Associated Press: Taliban Say They Have Raided IS Hideout North Of Kabul

“Taliban fighters raided a hideout of the Islamic State group north of the Afghan capital on Friday, killing and arresting an unspecified number of militants, a Taliban spokesman said. Since the Taliban takeover of Afghanistan in mid-August, there has been an increase in attacks by IS militants targeting Taliban members. The Taliban and IS are enemies, and the attacks have raised the specter of a wider conflict between the long-time rivals. In late August, an IS suicide bomber targeted U.S. evacuation efforts outside Kabul international airport in one of the deadliest attacks in the country in years. The blast killed 169 Afghans and 13 U.S. service members. Taliban spokesman Bilal Karimi told The Associated Press that Friday’s raid took place in the city of Charikar in Parwan province. He did not provide more details and his statement could not be independently verified.”


The New York Times: Pakistan In Talks With Taliban Militants, Even As Attacks Ramp Up

“Pakistan is holding talks with factions of the Pakistani Taliban, a banned militant group responsible for some of the country’s worst terrorist attacks, and would forgive members who lay down their weapons, Prime Minister Imran Khan said on Friday. Although details of the talks were unclear, negotiations with the group known as Tehrik-i-Taliban Pakistan, or T.T.P., would be the most significant development since similar efforts failed in 2014 and Pakistan turned to a massive military operation to diminish the group. “There are different groups which form the Pakistani Taliban, or T.T.P.,” Mr. Khan said in an interview with the Turkish state television station TRT World. “We are in talks with some of them on a reconciliation process. We might not reach some sort of conclusion or settlement in the end, but we are talking.” In a statement soon after Mr. Khan’s interview, the T.T.P. called on its fighters to continue their attacks. It denied divisions in its ranks and made no acknowledgment of the ongoing talks. It also claimed responsibility for a deadly assault on a Pakistani military convoy on Friday, the latest in a spate of such attacks.”

The Hill: ISIS Takes Credit For Killing Sikh In Pakistan

“The Islamic State said in a statement on Friday that it was behind the fatal shooting of a Sikh in Pakistan on Thursday, the Associated Press reported. Several men, whom ISIS identified as its gunmen, fatally shot Satnam Singh, 45, who sold herbal medicine at a clinic in Khyber Pakhtunkhwa's provincial capital near the Pakistan-Afghanistan border, according to the news outlet. The ISIS statement called Singh a “polytheist,” or a person who believes in more than one deity. Sikhism is a monotheistic religion. A local community leader, Sardar Harpal Singh, who is not related to the victim, called for the individuals who shot Singh and fled the scene to be arrested. In the last few years, the Islamic State has claimed responsibility for attacking religious minority groups, religious sites and political protests though officials in the country have claimed that the members of the militant group are officially situated in Pakistan. In late August, 11 ISIS members were killed by Pakistan’s counterterrorism units after ISIS members had recently murdered two police officers. The group, which has operated in both Pakistan and Afghanistan, has conducted attacks in the provincial capital of Balochistan in past years.”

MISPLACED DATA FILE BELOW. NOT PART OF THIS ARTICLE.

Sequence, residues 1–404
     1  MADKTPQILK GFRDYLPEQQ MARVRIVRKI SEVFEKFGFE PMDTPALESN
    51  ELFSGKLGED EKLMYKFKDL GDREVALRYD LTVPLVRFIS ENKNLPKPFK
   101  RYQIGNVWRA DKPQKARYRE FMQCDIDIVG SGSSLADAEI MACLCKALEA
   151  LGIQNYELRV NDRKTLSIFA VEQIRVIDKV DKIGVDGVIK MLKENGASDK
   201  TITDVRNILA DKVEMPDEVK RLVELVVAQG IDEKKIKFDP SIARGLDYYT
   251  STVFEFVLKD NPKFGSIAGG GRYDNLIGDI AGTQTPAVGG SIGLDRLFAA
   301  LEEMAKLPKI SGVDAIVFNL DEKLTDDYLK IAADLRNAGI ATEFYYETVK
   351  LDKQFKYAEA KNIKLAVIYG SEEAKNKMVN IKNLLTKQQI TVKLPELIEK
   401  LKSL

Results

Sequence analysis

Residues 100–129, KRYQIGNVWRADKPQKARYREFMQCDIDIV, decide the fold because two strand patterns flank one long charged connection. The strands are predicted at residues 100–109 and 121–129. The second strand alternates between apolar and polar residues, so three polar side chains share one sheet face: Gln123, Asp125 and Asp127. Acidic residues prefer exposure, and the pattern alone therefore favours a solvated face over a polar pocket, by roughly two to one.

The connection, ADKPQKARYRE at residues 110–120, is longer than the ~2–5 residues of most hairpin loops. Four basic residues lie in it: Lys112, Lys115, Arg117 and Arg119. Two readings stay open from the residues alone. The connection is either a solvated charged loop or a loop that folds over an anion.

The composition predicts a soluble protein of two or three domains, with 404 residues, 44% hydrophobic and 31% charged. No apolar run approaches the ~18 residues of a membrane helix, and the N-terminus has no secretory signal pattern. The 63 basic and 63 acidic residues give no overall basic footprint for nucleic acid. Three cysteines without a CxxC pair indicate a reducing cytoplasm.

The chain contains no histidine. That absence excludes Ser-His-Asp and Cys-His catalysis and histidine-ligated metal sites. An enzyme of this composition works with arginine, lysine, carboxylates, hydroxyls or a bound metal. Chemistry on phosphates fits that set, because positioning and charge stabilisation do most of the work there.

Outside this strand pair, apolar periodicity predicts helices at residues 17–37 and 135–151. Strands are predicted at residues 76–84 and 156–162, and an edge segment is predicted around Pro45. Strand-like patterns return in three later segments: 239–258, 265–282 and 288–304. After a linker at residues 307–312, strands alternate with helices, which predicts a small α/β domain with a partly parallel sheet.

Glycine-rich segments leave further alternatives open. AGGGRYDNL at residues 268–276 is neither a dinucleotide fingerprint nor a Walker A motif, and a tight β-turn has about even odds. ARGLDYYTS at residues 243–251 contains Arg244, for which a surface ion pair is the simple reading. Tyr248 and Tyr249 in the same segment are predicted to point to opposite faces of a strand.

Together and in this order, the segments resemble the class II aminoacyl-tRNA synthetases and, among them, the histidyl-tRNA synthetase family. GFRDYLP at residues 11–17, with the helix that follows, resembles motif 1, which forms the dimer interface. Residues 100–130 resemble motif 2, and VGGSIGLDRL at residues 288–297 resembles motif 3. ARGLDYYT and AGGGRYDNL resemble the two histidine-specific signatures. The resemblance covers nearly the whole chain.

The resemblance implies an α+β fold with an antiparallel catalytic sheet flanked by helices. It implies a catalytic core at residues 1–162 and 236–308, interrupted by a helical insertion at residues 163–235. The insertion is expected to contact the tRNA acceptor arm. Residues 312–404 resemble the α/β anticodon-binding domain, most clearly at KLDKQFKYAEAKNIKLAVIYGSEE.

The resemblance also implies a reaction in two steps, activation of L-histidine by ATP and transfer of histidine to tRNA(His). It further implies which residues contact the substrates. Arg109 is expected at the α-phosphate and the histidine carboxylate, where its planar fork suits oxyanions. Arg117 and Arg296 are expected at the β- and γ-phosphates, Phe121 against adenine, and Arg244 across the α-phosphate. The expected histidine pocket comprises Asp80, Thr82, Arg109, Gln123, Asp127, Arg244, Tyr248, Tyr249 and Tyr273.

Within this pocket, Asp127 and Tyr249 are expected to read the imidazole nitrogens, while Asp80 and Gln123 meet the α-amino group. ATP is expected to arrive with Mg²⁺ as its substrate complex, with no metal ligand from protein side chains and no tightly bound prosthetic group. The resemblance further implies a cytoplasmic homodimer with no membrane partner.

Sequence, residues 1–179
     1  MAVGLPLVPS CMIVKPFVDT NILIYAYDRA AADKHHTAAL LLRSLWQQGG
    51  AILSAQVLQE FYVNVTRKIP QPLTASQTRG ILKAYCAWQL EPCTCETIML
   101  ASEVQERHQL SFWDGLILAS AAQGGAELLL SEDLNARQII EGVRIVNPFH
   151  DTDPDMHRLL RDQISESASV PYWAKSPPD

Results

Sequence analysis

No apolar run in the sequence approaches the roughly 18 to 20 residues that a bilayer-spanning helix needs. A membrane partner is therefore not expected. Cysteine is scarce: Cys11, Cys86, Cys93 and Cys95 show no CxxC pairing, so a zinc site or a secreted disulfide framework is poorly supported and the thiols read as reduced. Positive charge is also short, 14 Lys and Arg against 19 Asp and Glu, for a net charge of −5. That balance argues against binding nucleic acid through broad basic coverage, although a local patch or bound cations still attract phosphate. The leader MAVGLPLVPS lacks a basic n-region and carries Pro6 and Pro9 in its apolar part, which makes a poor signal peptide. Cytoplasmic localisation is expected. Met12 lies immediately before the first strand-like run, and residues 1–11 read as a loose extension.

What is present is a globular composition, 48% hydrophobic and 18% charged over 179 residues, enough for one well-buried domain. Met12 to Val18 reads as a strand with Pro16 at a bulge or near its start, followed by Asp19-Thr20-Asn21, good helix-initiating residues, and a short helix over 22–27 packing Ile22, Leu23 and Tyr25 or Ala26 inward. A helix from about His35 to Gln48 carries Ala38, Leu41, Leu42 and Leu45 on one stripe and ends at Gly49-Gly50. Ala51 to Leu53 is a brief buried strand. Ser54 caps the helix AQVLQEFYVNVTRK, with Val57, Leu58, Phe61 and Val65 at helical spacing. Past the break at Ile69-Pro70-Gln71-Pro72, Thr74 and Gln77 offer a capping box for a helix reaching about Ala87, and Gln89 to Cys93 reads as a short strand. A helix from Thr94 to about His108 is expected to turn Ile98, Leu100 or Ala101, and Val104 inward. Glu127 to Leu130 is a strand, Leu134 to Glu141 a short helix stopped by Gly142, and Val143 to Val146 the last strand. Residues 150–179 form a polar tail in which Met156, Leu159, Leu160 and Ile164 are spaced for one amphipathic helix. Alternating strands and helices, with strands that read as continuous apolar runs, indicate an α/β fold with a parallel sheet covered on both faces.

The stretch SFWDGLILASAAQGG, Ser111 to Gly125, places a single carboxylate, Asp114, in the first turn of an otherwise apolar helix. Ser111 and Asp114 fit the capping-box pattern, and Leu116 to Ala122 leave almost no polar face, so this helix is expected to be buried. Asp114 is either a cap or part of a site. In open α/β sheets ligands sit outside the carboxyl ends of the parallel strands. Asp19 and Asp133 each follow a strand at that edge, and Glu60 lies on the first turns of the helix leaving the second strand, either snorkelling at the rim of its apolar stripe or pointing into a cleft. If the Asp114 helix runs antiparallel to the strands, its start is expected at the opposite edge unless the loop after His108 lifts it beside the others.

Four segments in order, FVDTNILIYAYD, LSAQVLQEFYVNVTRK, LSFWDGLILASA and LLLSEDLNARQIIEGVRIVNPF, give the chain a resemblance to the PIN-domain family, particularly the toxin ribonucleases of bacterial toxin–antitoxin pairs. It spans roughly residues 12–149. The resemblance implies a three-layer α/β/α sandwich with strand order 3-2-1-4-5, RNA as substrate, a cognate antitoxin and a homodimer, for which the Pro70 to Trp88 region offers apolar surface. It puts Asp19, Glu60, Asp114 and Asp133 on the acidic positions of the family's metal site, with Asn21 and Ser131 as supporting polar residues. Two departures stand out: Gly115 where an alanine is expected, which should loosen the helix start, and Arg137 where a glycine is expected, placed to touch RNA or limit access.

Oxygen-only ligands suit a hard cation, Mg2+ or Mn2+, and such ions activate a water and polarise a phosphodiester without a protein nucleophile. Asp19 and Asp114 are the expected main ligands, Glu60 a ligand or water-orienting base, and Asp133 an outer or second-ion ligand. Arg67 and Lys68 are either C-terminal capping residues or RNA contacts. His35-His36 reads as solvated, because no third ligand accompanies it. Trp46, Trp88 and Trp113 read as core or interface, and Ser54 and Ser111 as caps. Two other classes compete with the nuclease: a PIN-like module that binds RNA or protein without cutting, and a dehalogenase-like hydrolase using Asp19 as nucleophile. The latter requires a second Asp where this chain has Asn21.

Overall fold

AFP: Nigeria: Islamic State Attacks Surrendered Rivals, Boko Haram

“Lake Chad region, where multiple national borders meet, is struggling with inter-factional jihadist fighting Islamic State-allied jihadists have attacked a camp housing surrendered rivals from Boko Haram in the country's northeast, the military said on Sunday. Saturday's attack on Damboa in Borno State came after several thousand Boko Haram militants and their families surrendered in recent months following the death of their leader in May. Islamic State West Africa Province (ISWAP) has emerged as the dominant force in Nigeria's 12-year conflict, but factions of Boko Haram are still fighting against their control. The army said troops drove back ISWAP fighters who tried to attack the camp where surrendered Boko Haram jihadists were being held, but the statement did not give any casualty figures. “This antic of terror within terror is being employed by ISWAP to discourage intending surrendering terrorists in their ranks,” it said. ISWAP has been consolidating in areas it controls in northeast Nigeria since May when Boko Haram chief Abubakar Shekau killed himself to avoid capture by jihadist rivals. But infighting between ISWAP and a pro-Shekau faction in the Lake Chad region left scores of fighters dead last week, according to security and civilian sources in the area.”